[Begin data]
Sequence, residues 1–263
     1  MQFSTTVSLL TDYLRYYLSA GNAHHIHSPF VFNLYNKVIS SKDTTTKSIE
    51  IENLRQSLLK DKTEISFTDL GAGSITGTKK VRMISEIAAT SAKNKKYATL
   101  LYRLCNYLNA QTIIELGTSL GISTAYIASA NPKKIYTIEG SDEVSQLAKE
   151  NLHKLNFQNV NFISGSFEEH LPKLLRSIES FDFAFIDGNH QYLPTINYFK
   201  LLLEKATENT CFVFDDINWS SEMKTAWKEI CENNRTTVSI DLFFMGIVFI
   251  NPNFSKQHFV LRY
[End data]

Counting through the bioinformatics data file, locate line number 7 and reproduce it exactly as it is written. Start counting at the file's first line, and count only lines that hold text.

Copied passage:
   251  NPNFSKQHFV LRY